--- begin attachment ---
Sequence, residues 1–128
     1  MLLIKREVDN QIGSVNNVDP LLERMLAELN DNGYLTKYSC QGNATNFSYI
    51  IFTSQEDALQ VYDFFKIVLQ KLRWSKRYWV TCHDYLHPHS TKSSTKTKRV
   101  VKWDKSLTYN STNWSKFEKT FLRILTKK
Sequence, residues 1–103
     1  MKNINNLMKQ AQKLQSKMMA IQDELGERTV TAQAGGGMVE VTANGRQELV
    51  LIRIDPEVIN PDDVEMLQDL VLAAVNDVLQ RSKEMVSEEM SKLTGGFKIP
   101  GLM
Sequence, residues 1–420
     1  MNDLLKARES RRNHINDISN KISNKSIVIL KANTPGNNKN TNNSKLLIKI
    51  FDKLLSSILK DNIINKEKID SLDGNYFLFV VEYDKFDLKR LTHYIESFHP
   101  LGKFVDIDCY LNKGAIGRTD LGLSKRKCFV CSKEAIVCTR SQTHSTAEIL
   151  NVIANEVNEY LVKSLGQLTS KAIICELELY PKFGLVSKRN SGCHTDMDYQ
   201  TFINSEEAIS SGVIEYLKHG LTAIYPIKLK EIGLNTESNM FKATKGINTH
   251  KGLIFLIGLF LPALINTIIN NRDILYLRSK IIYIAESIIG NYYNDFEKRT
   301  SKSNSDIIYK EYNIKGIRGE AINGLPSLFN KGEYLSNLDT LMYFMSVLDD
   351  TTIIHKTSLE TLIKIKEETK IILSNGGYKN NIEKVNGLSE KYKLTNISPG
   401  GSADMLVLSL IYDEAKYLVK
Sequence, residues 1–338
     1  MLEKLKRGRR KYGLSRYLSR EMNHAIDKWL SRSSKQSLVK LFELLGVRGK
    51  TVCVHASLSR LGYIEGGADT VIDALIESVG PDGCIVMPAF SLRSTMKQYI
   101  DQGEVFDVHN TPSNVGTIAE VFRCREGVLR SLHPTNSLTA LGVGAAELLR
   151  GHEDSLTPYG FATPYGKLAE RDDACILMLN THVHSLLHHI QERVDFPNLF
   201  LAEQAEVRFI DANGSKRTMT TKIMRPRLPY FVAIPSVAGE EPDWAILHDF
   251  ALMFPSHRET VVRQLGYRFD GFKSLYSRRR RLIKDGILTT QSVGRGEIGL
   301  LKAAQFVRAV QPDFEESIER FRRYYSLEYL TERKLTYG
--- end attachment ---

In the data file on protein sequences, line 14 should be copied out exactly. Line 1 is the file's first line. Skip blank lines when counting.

   201  TFINSEEAIS SGVIEYLKHG LTAIYPIKLK EIGLNTESNM FKATKGINTH